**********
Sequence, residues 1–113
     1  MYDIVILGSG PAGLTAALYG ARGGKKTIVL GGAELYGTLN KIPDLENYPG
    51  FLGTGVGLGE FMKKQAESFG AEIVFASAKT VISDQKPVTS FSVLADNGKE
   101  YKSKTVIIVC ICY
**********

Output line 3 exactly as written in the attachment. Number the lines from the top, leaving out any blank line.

    51  FLGTGVGLGE FMKKQAESFG AEIVFASAKT VISDQKPVTS FSVLADNGKE